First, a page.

A University Seminar on European Affairs
"Today, in an effort to begin shaping the outlines of the future, those who have understood the reasons for the current crisis in European civilization, and who have therefore inherited the ideals of movements dedicated to raising the dignity of humanity ... have begun to meet and seek each other. The road to pursue is neither easy nor certain, but it must be followed and it will be done!"
- The Ventotene Manifesto, 1941, Altiero Spinelli and Ernesto Rossi
Reading these resonant lines written by Altiero Spinelli at the darkest hour of European history, how can one not think about the present and future of European politics today?
Thinking Europe Now, is both the title and the project of a new University Seminar series at Columbia University. It forms a New York-based community of scholars dedicated to thinking the urgent situation confronting Europe, both inside the EU and on its borders in the South and East and in its relations to the wider world.
The seminar draws on all disciplines that can contribute to this task: historians, political scientists, anthropologists, literary scholars, legal and constitutional theorists, economists and those working in journalism. What unifies the discussion is not a narrow focus on the present, but a sense of the actuality of the intellectual task.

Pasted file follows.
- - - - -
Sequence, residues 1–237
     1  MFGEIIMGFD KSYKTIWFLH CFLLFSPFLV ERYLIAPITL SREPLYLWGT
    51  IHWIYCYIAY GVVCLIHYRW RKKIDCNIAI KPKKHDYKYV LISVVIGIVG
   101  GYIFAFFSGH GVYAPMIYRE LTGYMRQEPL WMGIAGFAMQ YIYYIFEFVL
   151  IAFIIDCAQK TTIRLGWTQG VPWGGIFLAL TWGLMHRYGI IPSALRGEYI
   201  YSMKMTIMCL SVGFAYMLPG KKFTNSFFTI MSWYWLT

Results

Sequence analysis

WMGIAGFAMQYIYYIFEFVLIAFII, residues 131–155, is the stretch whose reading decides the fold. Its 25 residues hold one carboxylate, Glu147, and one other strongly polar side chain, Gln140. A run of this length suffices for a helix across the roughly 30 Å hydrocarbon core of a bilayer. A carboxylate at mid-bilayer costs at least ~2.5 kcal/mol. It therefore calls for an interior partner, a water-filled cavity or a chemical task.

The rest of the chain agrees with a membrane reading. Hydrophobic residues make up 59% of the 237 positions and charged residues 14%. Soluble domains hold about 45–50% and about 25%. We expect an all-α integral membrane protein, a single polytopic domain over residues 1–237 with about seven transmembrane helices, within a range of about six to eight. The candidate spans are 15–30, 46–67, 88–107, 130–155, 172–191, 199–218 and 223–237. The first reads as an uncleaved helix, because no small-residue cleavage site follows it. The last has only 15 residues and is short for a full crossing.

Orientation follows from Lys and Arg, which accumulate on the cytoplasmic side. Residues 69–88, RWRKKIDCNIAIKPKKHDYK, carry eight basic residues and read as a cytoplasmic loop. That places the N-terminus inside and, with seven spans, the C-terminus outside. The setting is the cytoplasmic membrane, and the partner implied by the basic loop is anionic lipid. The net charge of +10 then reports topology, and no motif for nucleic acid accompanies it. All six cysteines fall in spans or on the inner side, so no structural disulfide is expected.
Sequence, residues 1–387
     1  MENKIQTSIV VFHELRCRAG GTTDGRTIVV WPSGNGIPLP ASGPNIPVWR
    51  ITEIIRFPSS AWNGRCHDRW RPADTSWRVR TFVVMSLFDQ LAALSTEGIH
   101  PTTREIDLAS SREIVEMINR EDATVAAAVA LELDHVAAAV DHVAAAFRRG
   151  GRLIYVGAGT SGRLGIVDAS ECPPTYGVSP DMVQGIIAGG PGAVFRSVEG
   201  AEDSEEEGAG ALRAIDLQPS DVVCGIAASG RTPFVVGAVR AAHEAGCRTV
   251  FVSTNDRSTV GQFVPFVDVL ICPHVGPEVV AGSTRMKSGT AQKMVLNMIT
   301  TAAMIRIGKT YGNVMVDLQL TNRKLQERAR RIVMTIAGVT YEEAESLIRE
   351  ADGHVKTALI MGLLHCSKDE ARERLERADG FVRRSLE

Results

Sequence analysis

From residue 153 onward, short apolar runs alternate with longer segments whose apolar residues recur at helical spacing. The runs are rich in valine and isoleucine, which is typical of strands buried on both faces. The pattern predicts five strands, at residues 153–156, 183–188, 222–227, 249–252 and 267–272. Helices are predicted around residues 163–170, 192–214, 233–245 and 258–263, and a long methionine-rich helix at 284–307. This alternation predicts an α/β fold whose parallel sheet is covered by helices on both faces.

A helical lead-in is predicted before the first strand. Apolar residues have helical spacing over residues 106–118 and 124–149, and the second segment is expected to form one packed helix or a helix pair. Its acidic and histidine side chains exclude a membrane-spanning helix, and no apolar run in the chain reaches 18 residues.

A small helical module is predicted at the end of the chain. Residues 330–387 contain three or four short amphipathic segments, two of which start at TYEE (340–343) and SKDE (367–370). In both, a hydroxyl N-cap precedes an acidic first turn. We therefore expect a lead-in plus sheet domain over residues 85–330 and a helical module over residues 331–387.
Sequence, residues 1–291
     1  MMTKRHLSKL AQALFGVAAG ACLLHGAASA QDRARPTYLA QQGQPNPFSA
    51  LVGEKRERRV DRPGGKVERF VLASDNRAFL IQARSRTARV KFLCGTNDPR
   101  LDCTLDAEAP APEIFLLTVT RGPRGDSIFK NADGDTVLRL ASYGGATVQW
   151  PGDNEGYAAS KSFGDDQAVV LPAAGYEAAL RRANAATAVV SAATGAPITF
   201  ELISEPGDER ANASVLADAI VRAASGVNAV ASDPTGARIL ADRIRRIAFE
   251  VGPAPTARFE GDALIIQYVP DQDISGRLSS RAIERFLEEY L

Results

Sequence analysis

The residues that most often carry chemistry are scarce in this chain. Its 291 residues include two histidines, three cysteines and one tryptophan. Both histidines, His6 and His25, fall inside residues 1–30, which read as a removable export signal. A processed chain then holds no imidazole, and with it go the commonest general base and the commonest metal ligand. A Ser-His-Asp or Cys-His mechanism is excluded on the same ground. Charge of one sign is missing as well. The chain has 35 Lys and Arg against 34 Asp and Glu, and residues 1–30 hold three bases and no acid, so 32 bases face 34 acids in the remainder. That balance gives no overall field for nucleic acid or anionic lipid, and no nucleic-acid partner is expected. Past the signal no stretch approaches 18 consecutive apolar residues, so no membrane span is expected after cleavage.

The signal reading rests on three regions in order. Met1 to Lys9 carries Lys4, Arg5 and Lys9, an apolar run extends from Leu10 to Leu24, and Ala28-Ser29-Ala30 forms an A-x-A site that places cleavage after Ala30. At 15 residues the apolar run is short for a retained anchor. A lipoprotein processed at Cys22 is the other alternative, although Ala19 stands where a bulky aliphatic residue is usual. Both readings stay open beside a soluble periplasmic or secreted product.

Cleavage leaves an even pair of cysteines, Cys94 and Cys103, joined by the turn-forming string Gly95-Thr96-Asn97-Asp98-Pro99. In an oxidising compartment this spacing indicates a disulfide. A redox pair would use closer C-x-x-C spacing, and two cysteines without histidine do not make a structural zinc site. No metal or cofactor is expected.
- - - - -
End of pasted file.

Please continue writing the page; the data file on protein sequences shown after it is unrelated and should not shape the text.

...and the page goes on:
The initial convenor group consists of:
- Carlo Invernizzi Accetti, Assistant Professor of Political Science, The City College of New York,
- Rajan Menon, Anne and Bernard Spitzer Chair in Political Science, The City College of New York,
- Adam Tooze, Kathryn and Shelby Cullom Davis Professor of History & Director of the European Institute, Columbia University, and
- Nadia Urbinati, Kyriakos Tsakopoulos Professor of Political Theory and Hellenic Studies, Columbia University.
Thinking Europe Now is part of the University Seminars at Columbia University. Participation in the seminar is by invitation. For information, please contact François Carrel-Billiard (email@example.com). The seminar meets between 3 and 6 times per academic year. Some sessions of the seminar are organized in conjunction with more public events, which usually take place the day after the seminar session.